Mindfulness

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What is mindfulness?

Mindfulness is concerned with making yourself aware of your surroundings and “in the moment”. It can focus on your own internal environment but also that of the world around you. Mindful moments have been used in many disciplines including cognitive behavioural psychology, neuroscience and positive psychology. 

Mindfulness is offered widely by a number of providers in the UK as CPD. The quality is therefore variable. One good programme is the Mindfulness in Schools Project  (MiSP). This project helps adults to teach mindfulness to both primary and secondary children as well as develop their own understanding and use. Regular supervision alongside these projects are also recommended. 

Who might benefit?

All students can benefit from this type of approach with benefits including resilience and coping skill improvements, attention, self control and compassion development. It is particularly useful for children with anxiety, depression and behavioural concerns.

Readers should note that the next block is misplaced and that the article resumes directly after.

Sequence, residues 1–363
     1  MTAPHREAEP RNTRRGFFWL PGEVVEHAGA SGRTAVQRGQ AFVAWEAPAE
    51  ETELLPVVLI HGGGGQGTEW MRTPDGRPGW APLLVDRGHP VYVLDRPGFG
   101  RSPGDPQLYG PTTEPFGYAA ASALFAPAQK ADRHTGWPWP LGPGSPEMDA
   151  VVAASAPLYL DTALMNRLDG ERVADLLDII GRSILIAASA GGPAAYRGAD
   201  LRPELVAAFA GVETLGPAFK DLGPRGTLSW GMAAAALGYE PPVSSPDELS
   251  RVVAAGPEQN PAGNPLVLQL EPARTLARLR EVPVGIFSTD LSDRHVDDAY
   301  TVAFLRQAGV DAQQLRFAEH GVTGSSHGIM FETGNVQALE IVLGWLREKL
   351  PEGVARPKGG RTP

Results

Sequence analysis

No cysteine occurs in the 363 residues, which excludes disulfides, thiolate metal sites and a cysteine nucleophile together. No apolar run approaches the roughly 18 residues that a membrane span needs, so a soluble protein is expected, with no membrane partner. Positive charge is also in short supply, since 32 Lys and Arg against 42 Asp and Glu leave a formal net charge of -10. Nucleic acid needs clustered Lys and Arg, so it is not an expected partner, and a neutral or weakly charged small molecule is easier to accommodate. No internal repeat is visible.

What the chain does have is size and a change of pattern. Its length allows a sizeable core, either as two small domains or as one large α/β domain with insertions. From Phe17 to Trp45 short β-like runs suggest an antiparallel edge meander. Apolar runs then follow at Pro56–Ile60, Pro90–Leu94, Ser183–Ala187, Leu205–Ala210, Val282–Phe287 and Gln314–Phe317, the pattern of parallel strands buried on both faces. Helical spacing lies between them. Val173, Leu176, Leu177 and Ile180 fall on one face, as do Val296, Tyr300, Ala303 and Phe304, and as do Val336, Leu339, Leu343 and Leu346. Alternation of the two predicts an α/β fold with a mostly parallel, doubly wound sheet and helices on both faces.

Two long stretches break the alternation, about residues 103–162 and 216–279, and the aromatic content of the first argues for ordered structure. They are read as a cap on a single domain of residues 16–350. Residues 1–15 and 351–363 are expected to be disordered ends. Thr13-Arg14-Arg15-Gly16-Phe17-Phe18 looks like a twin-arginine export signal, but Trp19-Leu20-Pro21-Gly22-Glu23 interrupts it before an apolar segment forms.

What does the research say?

There is a limit amount of research available at present to measure the true impact of mindfulness. However, “Mindfulness based interventions have small to medium positive impact on depression and emotional self-regulation and small positive effects on anxiety (Weare, 2018)”. 

Additional Resources

https://mindfulnessinschools.org/wp-content/uploads/2018/04/Weare-Evidence-Review-Final.pdf

Further research

Bluth, K., Campo, R. A., Pruteanu-Malinici, S., Reams, A., Mullarkey, M., and Broderick, P. C. (2015). ‘A school-based mindfulness pilot study for ethnically diverse at-risk adolescents.’ Mindfulness.

Kallapiran, K., Koo, S., Kirubakaran, R., and Hancock, K. (2015). ‘Effectiveness of mindfulness in improving mental health symptoms of children and adolescents: A meta-analysis’. Child and Adolescent Mental Health, 20: 182–194. 

Kuyken, W., Weare, K., Ukoumunne, O. C., Vicary, R., Motton, N., Burnett, R., and Huppert, F. (2013). ‘Effectiveness of the mindfulness in schools programme: Non-randomised controlled feasibility study. The British Journal of Psychiatry, 203(2): 126–131. 

Weare, K. (2015). ‘Evidence for mindfulness: impacts on the wellbeing and performance of school staff’. http://mindfulnessinschools.org/wp-content/uploads/2014/10/Evidence-for-Mindfulness-Impact-on-school-staff.pdf

Source:

https://www.babcockldp.co.uk/babcock_l_d_p/Educational-Psychology/Downloads/Resources/SEMH-Toolkit-of-Evidence-Based-Interventions-to-Promote-the-Inclusion-of-CYP-with-SEMH-needs-contents.pdf



 

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